|stat(1)||display file status|
|stat, fstat, fstatat, lstat, S_ISBLK, S_ISCHR, S_ISDIR, S_ISFIFO, S_ISLNK, S_ISREG, S_ISSOCK(2)||get file status|
|STAT(1)||General Commands Manual||STAT(1)|
statutility displays information about the file pointed to by file. Read, write, or execute permissions of the named file are not required, but all directories listed in the pathname leading to the file must be searchable. If no argument is given,
statdisplays information about the file descriptor for standard input.
The information displayed is obtained by calling lstat(2) with the given argument and evaluating the returned structure. The default format displays the st_dev, st_ino, st_mode, st_nlink, st_uid, st_gid, st_rdev, st_size, st_atime, st_mtime, st_ctime, st_blksize, st_blocks, and st_flags fields, in that order.
The options are as follows:
statwill refer to the target of file, if file is a symbolic link, and not to file itself.
%, are then followed by a sequence of formatting characters, and end in a character that selects the field of the struct stat which is to be formatted. If the
%is immediately followed by one of
@, then a newline character, a tab character, a percent character, or the current file number is printed, otherwise the string is examined for the following:
Any of the following optional flags:
+’ overrides a space if both are used.
Then the following fields:
.’ and a decimal digit string that indicates the maximum string length, the number of digits to appear after the decimal point in floating point output, or the minimum number of digits to appear in numeric output.
S. These represent signed decimal output, octal output, unsigned decimal output, hexadecimal output, floating point output, and string output, respectively. Some output formats do not apply to all fields. Floating point output only applies to timespec fields (the
The special output specifier
S may be
used to indicate that the output, if applicable, should be in string
format. May be used in combination with
Yis a string, but if specified explicitly, these four characters are prepended.
Toutput formats. It can be one of the following:
d, the user bits for permissions from the string form of
p, the file type bits from the numeric forms of
p, and the long output form of
d, the other bits for permissions from the string form of
p, the user, group, and other bits from the numeric forms of
p, and the
ls -Fstyle output character for file type when used with
T(the use of
Lfor this is optional).
p, or the suid, sgid, and sticky bits for the numeric forms of
The following four field specifiers are not drawn directly from the data in struct stat, but are:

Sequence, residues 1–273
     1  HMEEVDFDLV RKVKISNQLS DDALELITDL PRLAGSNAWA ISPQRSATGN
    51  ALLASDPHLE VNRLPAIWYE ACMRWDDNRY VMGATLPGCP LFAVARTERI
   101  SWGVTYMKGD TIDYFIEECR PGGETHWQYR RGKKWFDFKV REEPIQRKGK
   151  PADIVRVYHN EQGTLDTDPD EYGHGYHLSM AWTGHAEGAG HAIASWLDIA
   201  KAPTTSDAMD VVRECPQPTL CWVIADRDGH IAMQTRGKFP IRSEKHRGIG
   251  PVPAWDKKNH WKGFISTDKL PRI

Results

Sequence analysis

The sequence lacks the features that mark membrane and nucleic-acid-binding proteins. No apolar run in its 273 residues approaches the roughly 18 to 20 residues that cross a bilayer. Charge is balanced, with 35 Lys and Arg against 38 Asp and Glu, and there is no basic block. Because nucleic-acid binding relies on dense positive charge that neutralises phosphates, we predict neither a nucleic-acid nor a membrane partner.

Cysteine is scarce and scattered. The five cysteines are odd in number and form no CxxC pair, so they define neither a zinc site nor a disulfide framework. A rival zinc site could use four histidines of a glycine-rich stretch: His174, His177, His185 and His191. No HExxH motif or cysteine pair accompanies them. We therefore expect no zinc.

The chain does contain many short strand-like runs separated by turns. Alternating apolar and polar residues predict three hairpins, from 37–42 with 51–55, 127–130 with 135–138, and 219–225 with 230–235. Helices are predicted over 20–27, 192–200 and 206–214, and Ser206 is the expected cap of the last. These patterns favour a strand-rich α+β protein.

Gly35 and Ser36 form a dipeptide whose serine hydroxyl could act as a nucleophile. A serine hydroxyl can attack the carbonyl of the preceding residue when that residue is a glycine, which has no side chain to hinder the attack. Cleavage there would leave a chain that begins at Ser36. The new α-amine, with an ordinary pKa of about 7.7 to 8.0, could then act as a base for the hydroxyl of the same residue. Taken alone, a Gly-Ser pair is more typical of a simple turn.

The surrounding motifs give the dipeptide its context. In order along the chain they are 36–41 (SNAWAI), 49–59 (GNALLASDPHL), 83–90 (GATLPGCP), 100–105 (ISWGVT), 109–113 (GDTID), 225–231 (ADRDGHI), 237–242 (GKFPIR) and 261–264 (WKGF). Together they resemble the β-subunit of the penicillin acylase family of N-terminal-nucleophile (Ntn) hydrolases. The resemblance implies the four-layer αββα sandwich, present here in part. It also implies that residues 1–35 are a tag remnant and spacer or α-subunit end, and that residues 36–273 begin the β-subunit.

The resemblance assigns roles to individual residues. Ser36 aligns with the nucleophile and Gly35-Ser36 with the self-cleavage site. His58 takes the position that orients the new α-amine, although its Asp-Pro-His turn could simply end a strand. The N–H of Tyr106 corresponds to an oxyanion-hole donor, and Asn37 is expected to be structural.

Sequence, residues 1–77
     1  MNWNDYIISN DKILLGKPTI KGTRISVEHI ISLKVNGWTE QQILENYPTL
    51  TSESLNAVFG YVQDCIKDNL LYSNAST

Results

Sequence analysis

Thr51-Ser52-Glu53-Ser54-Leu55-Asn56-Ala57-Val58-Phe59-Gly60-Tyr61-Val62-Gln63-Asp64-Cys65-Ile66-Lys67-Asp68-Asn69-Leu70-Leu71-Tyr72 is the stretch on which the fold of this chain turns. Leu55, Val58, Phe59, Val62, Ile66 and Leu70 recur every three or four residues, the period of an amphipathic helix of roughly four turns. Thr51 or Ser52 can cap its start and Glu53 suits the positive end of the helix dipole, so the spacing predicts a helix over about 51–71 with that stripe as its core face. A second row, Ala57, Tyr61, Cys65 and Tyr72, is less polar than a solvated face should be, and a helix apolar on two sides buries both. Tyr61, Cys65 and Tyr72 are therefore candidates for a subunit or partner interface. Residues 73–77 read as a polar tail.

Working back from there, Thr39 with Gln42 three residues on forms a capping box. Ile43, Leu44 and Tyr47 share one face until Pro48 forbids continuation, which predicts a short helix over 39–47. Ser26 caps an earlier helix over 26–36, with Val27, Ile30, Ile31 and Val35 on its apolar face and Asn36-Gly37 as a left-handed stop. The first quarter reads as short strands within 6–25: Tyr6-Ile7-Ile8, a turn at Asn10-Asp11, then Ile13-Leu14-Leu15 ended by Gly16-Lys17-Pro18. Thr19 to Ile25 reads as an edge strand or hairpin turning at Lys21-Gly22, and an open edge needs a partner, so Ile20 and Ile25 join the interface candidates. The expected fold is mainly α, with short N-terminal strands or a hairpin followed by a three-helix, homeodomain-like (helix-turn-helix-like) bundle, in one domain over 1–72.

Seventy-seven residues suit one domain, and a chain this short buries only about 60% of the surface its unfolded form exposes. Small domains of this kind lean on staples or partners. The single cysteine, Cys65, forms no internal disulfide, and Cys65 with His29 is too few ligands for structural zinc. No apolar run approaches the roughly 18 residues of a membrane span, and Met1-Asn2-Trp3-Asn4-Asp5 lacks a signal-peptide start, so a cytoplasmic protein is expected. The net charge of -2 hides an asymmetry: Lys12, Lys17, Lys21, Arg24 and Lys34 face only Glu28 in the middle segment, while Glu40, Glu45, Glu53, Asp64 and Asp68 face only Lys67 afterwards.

% and the field specifier are
required. Most field specifiers default to
U as an
output form, with the exception of
p which defaults
c which default to
N, which default to
statutility exits 0 on success, and >0 if an error occurs.
> stat -F /tmp/foo lrwxrwxrwx 1 jschauma cs 1 Apr 24 16:37:28 2002 /tmp/foo@ -> / > stat -LF /tmp/foo drwxr-xr-x 16 root wheel 512 Apr 19 10:57:54 2002 /tmp/foo/
To initialize some shell-variables, you could use the
-s flag as follows:
> csh % eval set `stat -s .cshrc` % echo $st_size $st_mtime 1148 1015432481 > sh $ eval $(stat -s .profile) $ echo $st_size $st_mtime 1148 1015432481
In order to get a list of the kind of files including files pointed to if the file is a symbolic link, you could use the following format:
$ stat -f "%N: %HT%SY" /tmp/* /tmp/bar: Symbolic Link -> /tmp/foo /tmp/output25568: Regular File /tmp/blah: Directory /tmp/foo: Symbolic Link -> /
In order to get a list of the devices, their types and the major and minor device numbers, formatted with tabs and linebreaks, you could use the following format:
stat -f "Name: %N%n%tType: %HT%n%tMajor: %Hr%n%tMinor: %Lr%n%n" /dev/* [...] Name: /dev/xfs0 Type: Character Device Major: 51 Minor: 0 Name: /dev/zero Type: Character Device Major: 2 Minor: 12
In order to determine the permissions set on a file separately, you could use the following format:
> stat -f "%Sp -> owner=%SHp group=%SMp other=%SLp" . drwxr-xr-x -> owner=rwx group=r-x other=r-x
In order to determine the three files that have been modified most recently, you could use the following format:
> stat -f "%m%t%Sm %N" /tmp/* | sort -rn | head -3 | cut -f2- Apr 25 11:47:00 2002 /tmp/blah Apr 25 10:36:34 2002 /tmp/bar Apr 24 16:47:35 2002 /tmp/foo
statutility first appeared in OpenBSD 3.8.
statutility was written by Andrew Brown <atatat@NetBSD.org>. This man page was written by Jan Schaumann <jschauma@NetBSD.org>.
|March 16, 2018||OpenBSD-current|